Doubtless, death is a loss. It deprives us of experiences and milestones, of time spent with our spouse and children. In short, it deprives us of all the things we value.

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Promoted from the Ricochet Member Feed by Editors Created with Sketch. Can We Get Free Market Innovation in Healthcare?

 

nurse2Everyone knows how the dead hand of the FDA turns the development and delivery of new drugs into a multi-billion dollar process. And everyone knows about the liberal wish-list of compulsory coverage for health insurance products. But the extent to which regulation has progress-proofed the status quo is rarely appreciated. From ‘Certificates of Need’ — whereby investments in health facilities require the blessing of central-planning bureaucrats — to the socialization of insurance pools through ‘Community Rating,’ to forced coverage of pre-existing conditions, everything in the current system either unwittingly or deliberately resists innovation.

Where only giant organisations with vast compliance departments can meet the inhumanly complex requirements of ever-shifting regulation, where laws, upon regulations, upon rules bake-in the assumption that health insurance is the only means of delivering health outcomes, is real innovation possible? Where can the Ubers, AirBnBs or Googles of health possibly come from? Indeed, where can the sliced bread, resealable bags, or pop-tops of health come from? Where is the room for the thousand little improvements that can make life so astonishing for consumers, when the law assumes that the way things were done in 1964, 1972, or 1986 is the only way they can be done, and woe betide anyone who suggests otherwise?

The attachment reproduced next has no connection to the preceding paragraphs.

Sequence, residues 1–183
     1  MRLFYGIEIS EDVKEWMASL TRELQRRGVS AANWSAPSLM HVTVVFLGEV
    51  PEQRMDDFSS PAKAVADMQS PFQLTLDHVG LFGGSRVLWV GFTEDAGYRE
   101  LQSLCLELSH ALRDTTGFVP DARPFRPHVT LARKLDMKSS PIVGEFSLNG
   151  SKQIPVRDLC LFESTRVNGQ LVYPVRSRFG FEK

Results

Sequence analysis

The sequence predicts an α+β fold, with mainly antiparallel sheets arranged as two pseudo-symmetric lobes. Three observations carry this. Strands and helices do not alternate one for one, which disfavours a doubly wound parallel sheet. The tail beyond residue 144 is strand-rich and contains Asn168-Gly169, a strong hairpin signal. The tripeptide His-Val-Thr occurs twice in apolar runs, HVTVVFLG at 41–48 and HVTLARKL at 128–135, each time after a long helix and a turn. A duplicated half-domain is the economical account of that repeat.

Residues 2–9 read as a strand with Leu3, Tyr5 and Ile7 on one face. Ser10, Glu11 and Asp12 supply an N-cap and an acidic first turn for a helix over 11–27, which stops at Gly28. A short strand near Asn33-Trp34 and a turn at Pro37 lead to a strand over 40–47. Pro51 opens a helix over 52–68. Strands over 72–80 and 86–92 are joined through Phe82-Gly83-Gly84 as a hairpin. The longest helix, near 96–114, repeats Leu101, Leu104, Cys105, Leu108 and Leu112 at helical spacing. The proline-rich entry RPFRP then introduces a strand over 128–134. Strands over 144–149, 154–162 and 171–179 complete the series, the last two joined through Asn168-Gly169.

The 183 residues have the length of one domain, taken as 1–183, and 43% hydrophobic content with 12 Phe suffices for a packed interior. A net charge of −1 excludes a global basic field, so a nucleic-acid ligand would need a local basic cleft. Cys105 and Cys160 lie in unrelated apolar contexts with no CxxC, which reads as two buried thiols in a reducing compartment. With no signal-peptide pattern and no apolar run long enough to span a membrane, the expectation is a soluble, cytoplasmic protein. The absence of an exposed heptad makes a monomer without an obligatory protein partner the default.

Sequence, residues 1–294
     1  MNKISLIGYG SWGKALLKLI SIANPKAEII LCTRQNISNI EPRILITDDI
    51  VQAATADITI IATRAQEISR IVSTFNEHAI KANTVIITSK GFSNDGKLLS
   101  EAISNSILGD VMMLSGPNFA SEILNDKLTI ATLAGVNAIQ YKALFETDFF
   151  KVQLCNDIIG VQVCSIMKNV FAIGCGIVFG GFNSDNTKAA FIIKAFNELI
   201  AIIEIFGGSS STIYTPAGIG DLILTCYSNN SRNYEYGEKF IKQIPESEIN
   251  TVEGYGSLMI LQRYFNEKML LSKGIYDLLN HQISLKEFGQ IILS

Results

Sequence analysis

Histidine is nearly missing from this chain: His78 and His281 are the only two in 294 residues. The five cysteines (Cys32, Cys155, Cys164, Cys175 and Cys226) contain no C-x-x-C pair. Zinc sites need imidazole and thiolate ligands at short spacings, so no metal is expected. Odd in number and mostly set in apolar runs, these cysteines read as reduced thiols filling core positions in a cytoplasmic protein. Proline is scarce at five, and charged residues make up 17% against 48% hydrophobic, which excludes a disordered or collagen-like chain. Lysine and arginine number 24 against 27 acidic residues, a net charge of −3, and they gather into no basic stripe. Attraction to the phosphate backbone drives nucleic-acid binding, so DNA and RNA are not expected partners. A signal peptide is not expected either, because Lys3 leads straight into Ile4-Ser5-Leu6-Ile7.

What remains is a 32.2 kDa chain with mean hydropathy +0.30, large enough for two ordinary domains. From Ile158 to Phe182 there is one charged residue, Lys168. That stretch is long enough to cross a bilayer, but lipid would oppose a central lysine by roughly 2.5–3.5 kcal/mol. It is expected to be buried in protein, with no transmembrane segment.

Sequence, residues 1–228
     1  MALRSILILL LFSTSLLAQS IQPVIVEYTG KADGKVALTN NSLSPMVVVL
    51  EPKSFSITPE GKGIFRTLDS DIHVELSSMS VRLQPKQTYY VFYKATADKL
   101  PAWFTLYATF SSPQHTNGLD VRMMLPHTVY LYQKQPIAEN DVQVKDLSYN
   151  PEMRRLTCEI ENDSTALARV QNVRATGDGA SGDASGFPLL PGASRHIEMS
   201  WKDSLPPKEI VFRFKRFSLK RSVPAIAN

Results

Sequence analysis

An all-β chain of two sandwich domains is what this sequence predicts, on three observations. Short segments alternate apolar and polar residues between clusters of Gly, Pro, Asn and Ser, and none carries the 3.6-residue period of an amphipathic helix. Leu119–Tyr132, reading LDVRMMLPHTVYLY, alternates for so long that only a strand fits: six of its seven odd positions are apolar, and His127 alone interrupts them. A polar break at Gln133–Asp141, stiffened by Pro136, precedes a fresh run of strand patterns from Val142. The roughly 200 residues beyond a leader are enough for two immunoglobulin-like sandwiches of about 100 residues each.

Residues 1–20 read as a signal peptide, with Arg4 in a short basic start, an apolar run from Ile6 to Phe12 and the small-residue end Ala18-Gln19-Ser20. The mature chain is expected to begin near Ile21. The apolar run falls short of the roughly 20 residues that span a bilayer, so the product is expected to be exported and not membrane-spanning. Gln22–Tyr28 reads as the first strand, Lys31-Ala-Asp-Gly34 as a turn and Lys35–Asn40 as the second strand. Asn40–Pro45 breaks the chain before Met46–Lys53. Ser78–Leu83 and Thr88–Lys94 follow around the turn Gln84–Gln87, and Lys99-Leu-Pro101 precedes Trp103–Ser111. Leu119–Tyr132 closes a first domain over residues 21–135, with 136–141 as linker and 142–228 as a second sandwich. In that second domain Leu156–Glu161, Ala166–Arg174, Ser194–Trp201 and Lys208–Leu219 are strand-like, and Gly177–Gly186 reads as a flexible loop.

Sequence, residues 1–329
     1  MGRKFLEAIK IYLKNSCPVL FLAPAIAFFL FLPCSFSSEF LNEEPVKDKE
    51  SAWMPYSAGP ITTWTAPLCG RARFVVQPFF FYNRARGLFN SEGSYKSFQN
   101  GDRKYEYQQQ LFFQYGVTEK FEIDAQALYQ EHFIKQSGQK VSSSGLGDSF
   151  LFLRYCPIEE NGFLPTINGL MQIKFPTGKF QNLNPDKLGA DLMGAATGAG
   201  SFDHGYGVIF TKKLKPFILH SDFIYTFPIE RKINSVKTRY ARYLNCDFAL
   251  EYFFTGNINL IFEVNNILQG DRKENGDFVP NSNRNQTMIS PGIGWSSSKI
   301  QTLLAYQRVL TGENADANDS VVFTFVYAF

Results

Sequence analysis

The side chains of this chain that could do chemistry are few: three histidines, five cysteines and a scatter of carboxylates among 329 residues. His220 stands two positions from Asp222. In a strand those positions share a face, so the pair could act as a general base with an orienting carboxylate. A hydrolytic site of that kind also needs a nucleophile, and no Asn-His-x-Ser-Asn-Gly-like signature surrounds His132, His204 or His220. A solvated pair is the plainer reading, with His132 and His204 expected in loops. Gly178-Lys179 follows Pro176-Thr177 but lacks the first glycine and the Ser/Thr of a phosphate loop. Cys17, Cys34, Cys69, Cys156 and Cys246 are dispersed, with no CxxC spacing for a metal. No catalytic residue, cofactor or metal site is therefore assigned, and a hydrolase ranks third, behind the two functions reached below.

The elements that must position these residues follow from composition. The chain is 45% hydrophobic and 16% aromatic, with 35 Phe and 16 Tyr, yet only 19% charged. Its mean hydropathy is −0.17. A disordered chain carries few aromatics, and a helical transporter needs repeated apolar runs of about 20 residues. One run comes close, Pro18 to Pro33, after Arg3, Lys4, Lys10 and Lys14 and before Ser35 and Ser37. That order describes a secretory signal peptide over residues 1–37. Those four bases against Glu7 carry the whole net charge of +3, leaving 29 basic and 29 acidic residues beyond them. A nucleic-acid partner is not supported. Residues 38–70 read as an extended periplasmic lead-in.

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Promoted from the Ricochet Member Feed by Editors Created with Sketch. A Time to Offer Choice

 

The lie that works is the lie with at least a particle of truth.

This is the case with the outraged feminist response to the Hobby Lobby ruling. Conservatives were frozen in disbelief in 2012 as the “war on women” campaign swept in votes for Obama, and they are equally amazed now as the Democrats plan to make Hobby Lobby a campaign issue. How can it possibly work?

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Promoted from the Ricochet Member Feed by Editors Created with Sketch. ‘Do It Yourself, White Boy!’ Life at the VA

 

Gil C / Shutterstock.comAnother lifetime ago, those five words were spoken to me in a VA hospital in New Orleans. Another typical civil service, morbidly obese nurse biding her time until retirement. The patient was a WW1 vet (who’d been gassed, etc.) and he needed to have his bladder catheterized. I wrote the order that was countersigned by a resident but it didn’t happen.

A few hours later I returned. I asked about it and was told,”Do it yourself, white boy!” So I did, although I fumbled my way through the procedure since his 90-year-old prostate was the size of Delaware. He’d been hurting for hours while this lady did her very minimal job as well as her nails.

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Contributor Post Created with Sketch. Healthcare Equality for All!

 

ambulanceJust over a week ago a beloved family member collapsed in the middle of the night, was rushed to the hospital in shock and underwent emergency surgery for internal bleeding. Sophie received a post-operative blood transfusion and spent two days in intensive care. Thanks to expert, timely and compassionate care, today she is back home and doing well.

Excellent emergency medical care is the norm in the United States, thank goodness. What stands out from my family’s recent hospital experience is the administrative side.